Figure 1: Illustrative use cases of sidelink: underground parking lot (left-side figure, from [2]); V2X scenario (right-side figure, from [3]).
Figure 1: Illustrative use cases of sidelink: underground parking lot (left-side figure, from [2]); V2X scenario (right-side figure, from [3]).

Figure 1 shows examples where sidelink is used to extend coverage of the cellular network [2] and in supporting connectivity of nodes in a V2X network [3]. Due to propagation conditions, cellular coverage is not available in the underground parking area shown on the left-side figure. Hence, the vehicles in the parking area use sidelink to connect to the street level vehicle, which functions as a relay node to the cellular network. Examples of similar use cases of sidelink to extend coverage apply in challenging infrastructure scenarios (e.g., sewers, transit tunnels, underground caves/mines), and in numerous rescue operations [2].

The right side of Figure 1 shows sidelink1 use in Vehicle-to-Infrastructure (V2I), Vehicle-to-Pedestrian (V2P) and Vehicle-to-Vehicle (V2V) links within a V2X network that are currently authorized to operate in the Intelligent Transport Systems (ITS) (5895 – 5925 MHz2 in the USA) band. In [5], V2X use cases are grouped into several different categories - safety, vehicle operations management, autonomous driving and platooning - and service-level requirements specified. Performance requirements in terms of message sizes, data rates, latencies etc., to support some of these use cases are specified in [6].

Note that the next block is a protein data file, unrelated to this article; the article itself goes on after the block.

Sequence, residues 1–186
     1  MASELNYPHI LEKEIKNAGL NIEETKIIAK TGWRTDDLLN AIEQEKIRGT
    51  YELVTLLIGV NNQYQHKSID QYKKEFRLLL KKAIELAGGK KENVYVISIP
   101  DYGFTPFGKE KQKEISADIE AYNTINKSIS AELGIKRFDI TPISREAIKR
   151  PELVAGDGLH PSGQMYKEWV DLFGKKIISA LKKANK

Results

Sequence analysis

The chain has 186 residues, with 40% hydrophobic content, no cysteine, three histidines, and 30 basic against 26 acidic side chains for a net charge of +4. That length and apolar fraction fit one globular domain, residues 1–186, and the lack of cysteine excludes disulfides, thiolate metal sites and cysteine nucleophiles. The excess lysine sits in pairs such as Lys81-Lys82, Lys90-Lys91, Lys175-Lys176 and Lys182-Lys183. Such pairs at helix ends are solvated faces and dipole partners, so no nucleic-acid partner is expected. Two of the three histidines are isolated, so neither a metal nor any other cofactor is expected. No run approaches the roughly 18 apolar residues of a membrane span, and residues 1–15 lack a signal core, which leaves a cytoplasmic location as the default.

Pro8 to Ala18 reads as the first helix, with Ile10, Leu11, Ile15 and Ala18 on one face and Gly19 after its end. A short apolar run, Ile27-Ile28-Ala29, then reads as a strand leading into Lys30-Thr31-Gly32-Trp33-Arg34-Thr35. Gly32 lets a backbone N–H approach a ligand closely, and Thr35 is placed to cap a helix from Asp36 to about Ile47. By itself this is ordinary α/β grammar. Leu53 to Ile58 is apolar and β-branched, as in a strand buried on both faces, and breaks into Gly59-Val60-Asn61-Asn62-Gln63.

Current Sidelink Technology

Current sidelink technology is standardized in 3GPP Release 16 and operates in modes 1 and 2, where both modes support direct communication among multiple User Equipment (UEs). Figure 2 shows the key difference in these operational modes: in mode 1 the resources used by the UE-to-UE link are allocated by the base station (gNB); in mode 2 a common resource is autonomously shared between the UEs without the intervention of the gNB. As shown, mode 1 operation requires that the UEs have direct connectivity to the gNB via the Uu interface and scheduling of the resources for the UE-to-UE link is accomplished by the gNB via this link.

Figure 2: Sidelink mode 1 (left-side figure) and mode 2 (right-side figure).
Figure 2: Sidelink mode 1 (left-side figure) and mode 2 (right-side figure).